Each week, London Strategy Unit fillets one of the most influential books from the world of innovation, marketing or creativity, and serves up its most relevant ideas and advice. A marketing strategy and innovation company, LSU works with the likes of EY, JLL, ASOS, the BBC, adidas, Sanofi, Jaguar, Unilever and Mondelez around the world.
This week we're reading: 'Work Rules! Insights from inside Google that will transform how you live and lead'
Every Wednesday, London Strategy Unit's Matt Boffey reads one of the most influential books from the world of innovation, marketing or creativity so you don't have to. In today's Booknote, he dissects Laszlo Bock's 'Work Rules! Insights from inside Google that will transform how you live and lead'.
Why have we chosen this book?
Because Google is the place people want to be – it recently topped Fortune’s ‘100 Best Companies to Work For’ for the sixth year in a row. Ultimately, Work Rules debunks the myth that start-up culture doesn’t translate into scalable, corporate business – 50,000 self-identifying ‘Googlers’ are proof of that.
What’s the original thought or argument?
That building the right kind of organisational culture creates more than just happy colleagues – it’ll guide your business and product strategy, too. Google Maps, for example, started as an employee side-project, simply another way to deliver on Google’s mission of “organising the world’s information”. It was only years later that Google started to look at Maps as a product they could make money from. Bock is a great believer that profitable businesses will grow organically as long as a company stays true to a meaningful vision.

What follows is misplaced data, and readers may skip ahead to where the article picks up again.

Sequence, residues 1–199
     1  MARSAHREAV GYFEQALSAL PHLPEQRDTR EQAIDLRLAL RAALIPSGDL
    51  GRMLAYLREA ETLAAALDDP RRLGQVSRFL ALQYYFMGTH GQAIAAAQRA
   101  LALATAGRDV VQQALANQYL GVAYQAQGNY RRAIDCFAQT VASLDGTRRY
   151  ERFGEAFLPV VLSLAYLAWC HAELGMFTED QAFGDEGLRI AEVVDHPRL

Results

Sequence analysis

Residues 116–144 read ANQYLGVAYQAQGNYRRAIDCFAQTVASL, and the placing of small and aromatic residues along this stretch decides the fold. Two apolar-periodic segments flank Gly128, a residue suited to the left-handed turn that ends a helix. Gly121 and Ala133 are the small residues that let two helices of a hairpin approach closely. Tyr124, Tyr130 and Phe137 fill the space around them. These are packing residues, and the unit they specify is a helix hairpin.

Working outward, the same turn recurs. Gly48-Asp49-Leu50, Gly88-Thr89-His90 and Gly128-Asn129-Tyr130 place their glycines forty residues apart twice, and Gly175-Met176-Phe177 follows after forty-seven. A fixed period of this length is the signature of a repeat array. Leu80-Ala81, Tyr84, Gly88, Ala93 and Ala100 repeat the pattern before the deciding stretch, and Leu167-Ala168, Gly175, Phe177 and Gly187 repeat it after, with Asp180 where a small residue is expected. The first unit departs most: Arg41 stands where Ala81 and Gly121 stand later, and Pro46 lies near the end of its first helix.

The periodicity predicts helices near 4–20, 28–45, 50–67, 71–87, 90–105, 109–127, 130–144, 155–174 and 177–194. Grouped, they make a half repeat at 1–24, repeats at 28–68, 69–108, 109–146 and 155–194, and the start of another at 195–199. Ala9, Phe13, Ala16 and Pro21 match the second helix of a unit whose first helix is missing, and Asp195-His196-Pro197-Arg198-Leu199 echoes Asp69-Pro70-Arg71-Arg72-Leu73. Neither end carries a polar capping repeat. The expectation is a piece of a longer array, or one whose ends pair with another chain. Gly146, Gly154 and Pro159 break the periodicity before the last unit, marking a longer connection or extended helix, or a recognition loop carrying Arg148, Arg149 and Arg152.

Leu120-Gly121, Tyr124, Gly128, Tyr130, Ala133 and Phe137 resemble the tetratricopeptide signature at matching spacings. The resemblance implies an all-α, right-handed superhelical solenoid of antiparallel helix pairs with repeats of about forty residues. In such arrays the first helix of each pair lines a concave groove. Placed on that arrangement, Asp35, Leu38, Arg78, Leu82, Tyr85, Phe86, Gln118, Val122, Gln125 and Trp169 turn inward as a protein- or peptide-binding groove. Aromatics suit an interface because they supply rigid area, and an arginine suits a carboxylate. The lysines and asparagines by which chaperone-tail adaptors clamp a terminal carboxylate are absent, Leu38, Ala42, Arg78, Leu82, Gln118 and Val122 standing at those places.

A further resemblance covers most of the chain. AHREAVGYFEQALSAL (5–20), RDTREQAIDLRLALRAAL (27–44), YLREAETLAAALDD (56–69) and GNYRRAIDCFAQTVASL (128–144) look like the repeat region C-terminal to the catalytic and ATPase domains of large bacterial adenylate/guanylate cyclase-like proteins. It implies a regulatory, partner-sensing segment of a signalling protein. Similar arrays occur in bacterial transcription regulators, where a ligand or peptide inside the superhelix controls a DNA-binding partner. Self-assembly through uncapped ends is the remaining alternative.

If you want to look smart, just read
The chapters on Google’s hiring process, which whittles down over two million applications, with only one in every 130 applicants securing a job (making Google more selective than Harvard). For Bock, hiring is the single most important HR function, and accordingly Google spends about double the industry average on its hiring process. No Googler can make a hiring decision alone, with each candidate collectively assessed by the people they would manage as well as their prospective managers.
You might want to skip
Laszlo’s chapter on ‘nudging’ where he describes how initiatives like reducing the size of plates in the canteen has reduced the calorie intake of Googlers worldwide. Try Richard Thaler and Cass Sunstein’s Nudge for a more objective analysis of how nudges work in the wider world.
Why trust this author?
Bock has guided the direction of Google’s culture as it grew from 9,000 employees in 2006 to over 50,000 by 2015. In that time he has personally reviewed over 20,000 resumés of hopeful Googlers, as well as making Google one of the first companies to compensate employees for unequal tax relief for same-sex marriages.
Once you’ve read this you don’t need to read
How Google Works by Google’s chairman Eric Schmidt, and SVP of products Jonathan Rosenberg. Unlike Work Rules, it’s more Google-worship than practical advice about creating the right type of organisation.
Why should this stay on your bookshelf?
Work Rules shows that there’s much more to culture building than free beer and fussball tables. Employee feedback processes are unglamorous, but every year Google runs a “Googlegeist” internal survey – and then gives its employees free scope to solve the problems that come up. It’s a reminder that business leaders shouldn’t feel responsible for every last issue.
What’s the one thing you should do differently after reading this book?
Focus your attention on ‘the two tails’: the very best employees, and the very worst. Bock argues that rather than trying nudge average employees to improve, companies should learn everything they can from their best performers while preparing the exit of those at the bottom of the ladder.
Best quote in the whole book?
“All it takes is a belief that people are fundamentally good – and enough courage to treat your people like owners instead of machines. Machines do their jobs; owners do whatever is needed to make their companies and teams successful.”
Matt Boffey is the founder of London Strategy Unit, which you can follow on Twitter @LSUsocial
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